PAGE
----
Tag Archives: midwest league

Cougars and Snappers and Loons (Oh My!) by Dave Hoekstra: a review

Hoekstra, who writes for the Chicago Sun Times, has been writing essays, called “The Glove Compartment,” for publication in the Kane County Cougars’ gameday program for most of the team’s history. About sixty of the essays here originated as Glove Compartment pieces; the others were newly composed for the book. The result is episodic, of course, but it’s a reasonably thorough history and (as it says) field guide to the league. Moe Hill, Deacon Jones, and the 1951 Paris team are all profiled. Paul Molitor, Joey Meyer, and scores of Cubs are mentioned. The emphasis, though, is on the current teams and recent players.

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Owning a Piece of the Minors by Jerome Klinkowitz: a short review

Jerry Klinkowitz, who teaches at the University of Northern Iowa, was one of the owners of the Waterloo Diamonds from 1978 until they were sold in 1994. This series of essays explores that experience from a variety of perspectives; he talks about how he got involved with the team, about how he wrote a novel (Short Season) based on his ownership experiences, about his grandstand neighbors, about team officer Mildred Boyenga, and about why the Diamonds failed.

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Baseball in South Bend by John Kovach: a short review

A decent overview of South Bend’s baseball history; pics are good, the research appears to be sound, and some of the stories are quite remarkable. This book does, however, devote a little too much attention to the author’s own baseball career; I have preferred a little more about the Silver Hawks and quite a bit less about the most-recent recent incarnation of the Blue Sox.

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Waterloo Diamonds by Richard Panek: a short review

This book is almost entirely about how the Diamonds died. It’s a portrait of the owners, the team officers, and the city slowing coming to realize that the team was no longer viable, and of the efforts of a large number of people to stave off what was perhaps inevitable. It’s also an exploration of the causes of that death. Waterloo Diamonds is a wonderful, if sad, book, and its great strength is its sympathetic portraits of the principal characters. They didn’t all agree, and their differences are the drama. Excellent book; if you can find a copy I highly recommend it.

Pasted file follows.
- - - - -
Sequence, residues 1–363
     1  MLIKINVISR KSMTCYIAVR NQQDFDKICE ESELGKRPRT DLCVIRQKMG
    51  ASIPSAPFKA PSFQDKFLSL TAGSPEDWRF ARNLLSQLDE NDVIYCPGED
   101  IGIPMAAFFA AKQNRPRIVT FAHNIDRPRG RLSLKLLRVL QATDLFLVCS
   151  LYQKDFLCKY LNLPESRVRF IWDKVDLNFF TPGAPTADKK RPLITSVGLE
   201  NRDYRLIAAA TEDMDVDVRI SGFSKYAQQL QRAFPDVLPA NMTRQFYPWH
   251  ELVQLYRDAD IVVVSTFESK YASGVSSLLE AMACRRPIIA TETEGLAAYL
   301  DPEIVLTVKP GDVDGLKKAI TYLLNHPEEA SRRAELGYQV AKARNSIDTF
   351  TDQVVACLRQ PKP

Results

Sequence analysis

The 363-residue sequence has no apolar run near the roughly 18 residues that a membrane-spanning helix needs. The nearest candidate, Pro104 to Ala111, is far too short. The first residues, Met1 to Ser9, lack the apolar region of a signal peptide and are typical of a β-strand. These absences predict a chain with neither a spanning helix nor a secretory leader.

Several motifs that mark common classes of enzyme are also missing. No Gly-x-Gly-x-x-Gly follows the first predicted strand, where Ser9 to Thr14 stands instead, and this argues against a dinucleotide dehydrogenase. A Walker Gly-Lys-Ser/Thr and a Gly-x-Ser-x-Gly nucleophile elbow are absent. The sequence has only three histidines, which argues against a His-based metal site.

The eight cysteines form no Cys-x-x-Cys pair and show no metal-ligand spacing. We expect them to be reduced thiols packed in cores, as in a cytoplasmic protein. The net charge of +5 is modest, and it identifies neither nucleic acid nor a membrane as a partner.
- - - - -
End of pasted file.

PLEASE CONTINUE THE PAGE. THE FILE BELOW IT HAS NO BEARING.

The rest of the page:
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Baseball in Fort Wayne by Chad Gramling: a short review

I really wanted to like this book; couldn’t.

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Rookie Season by Branson Wright: a review

Branson Wright, who covered the then-new West Michigan Whitecaps for the Grand Rapids Press, summarizes the first year of the team’s existence. The book’s narrative covers the season’s high and low points, describes perhaps twenty games in some detail, and sketches many of the players and other folks involved with the team.

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Ump Simon Has a Picnic and Sits Down on the Job (1966)

Tom Simon, veteran showman of the Midwest League’s umpire staff, pulled some new tricks here, August 22.

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Vincennes to Canton, June 1952

Although Vincennes was a contender for the Mississippi-Ohio Valley League pennant for the first time in three years, the attendance was so disappointing that General Manager Bob Rouse decided to transfer the franchise to Canton, Ill., June 6.

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The Boys Who Would Be Cubs by Joseph Bosco: a review

Bosco’s claimed intention was an exploration of the reasons players succeed or fail; instead, he’s chronicled the ways coaches teach and motivate players. His book does this better than any other in my library; it’s a fascinating read.

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Gruenwald Bows Out (1965)

[Midwest League president James] Gruenwald said he wanted to devote more time to private life and his vice-presidency of the Davenport Bank and Trust Company.

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